Take some crystals of copper sulphate (CuSO4.5H2O) in a test tube
Heat these crystals on a burner
Note the change in colour of the copper sulphate crystals during the heating. Does it show a bluish white colour? If yes, keep on heating the crystals for some more time. After some time as temperature reaches around 250 °C, the copper sulphate crystals starts appearing white.
Stop heating when it becomes complete white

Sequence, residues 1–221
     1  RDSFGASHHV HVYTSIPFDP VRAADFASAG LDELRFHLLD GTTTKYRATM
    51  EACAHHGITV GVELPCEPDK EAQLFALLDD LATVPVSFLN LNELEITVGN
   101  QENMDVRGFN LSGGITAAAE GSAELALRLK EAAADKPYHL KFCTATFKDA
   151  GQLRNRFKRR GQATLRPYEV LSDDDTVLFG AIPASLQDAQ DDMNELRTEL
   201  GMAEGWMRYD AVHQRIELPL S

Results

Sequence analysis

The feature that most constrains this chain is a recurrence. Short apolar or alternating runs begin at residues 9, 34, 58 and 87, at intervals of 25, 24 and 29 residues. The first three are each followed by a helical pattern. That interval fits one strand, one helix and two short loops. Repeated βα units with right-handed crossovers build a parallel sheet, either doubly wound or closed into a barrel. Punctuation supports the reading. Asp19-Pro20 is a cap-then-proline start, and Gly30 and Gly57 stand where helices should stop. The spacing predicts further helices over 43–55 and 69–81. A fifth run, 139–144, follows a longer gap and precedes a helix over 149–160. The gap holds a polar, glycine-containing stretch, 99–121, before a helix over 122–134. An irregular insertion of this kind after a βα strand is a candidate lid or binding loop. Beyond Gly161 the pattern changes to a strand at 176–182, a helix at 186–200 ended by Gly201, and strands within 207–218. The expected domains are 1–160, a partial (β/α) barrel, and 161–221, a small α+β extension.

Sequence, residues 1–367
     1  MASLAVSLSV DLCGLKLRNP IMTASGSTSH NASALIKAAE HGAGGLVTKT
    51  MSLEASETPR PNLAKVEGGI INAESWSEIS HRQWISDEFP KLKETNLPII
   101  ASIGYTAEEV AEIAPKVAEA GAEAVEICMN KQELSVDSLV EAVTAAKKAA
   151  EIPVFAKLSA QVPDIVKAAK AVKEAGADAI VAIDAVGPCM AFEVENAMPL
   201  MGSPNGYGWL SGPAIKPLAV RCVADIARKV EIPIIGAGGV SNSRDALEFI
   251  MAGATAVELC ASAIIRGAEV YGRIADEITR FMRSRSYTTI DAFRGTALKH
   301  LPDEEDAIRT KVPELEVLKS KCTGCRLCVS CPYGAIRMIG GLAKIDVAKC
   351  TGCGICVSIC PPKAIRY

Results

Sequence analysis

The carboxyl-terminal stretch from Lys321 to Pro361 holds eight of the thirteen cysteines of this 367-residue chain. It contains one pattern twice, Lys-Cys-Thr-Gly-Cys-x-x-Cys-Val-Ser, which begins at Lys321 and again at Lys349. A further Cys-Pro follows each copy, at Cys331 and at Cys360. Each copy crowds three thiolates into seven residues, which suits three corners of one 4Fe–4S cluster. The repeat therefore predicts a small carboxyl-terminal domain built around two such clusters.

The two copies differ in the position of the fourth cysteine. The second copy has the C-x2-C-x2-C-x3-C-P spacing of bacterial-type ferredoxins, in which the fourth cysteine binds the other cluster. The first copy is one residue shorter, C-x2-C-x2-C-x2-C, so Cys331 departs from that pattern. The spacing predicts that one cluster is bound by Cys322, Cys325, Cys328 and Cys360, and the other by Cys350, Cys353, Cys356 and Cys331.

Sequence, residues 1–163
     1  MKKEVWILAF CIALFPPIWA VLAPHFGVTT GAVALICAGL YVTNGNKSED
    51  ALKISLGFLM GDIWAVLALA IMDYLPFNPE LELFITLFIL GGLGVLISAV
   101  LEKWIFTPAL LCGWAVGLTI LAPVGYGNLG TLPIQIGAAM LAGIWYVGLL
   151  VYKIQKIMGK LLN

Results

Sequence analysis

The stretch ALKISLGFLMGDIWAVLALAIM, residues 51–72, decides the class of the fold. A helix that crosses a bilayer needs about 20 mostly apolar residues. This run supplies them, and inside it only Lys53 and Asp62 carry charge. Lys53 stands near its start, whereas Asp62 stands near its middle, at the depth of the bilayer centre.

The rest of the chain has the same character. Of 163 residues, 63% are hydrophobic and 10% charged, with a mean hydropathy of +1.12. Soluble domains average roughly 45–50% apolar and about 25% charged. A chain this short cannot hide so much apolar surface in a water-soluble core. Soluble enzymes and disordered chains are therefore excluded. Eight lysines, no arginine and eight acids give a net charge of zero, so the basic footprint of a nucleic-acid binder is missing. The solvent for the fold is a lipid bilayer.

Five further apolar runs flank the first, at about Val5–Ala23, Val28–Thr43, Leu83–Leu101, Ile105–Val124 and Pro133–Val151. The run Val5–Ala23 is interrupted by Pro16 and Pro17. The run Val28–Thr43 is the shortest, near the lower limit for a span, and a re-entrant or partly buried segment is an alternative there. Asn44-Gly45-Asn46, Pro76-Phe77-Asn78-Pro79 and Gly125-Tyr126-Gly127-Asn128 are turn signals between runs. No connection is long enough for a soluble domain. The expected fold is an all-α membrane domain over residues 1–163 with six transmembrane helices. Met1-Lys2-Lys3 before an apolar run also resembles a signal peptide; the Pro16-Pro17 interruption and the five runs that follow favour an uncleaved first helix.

Keep the test tube in open atmosphere for some time and allow it to cool. Do you find a change in the colour of copper sulphate crystals
One of the sales turns blue litmus red and the gas turns lime water milky
Sample which turned red litmus blue and lime water milky contains baking powder
Blue crystals of copper sulphate contains water of crystallization. These crystals dehydrate on heating to lose water of crystallisation at a particular temperature and also change their colour.
If the dehydrated copper sulphate solid material is allowed to cool in air, then it regains blue colour after gaining water molecules from the atmosphere.
CuSO4 • 5 H20 (bluish) → CuSO4(anhydrous, white) + 5 H2O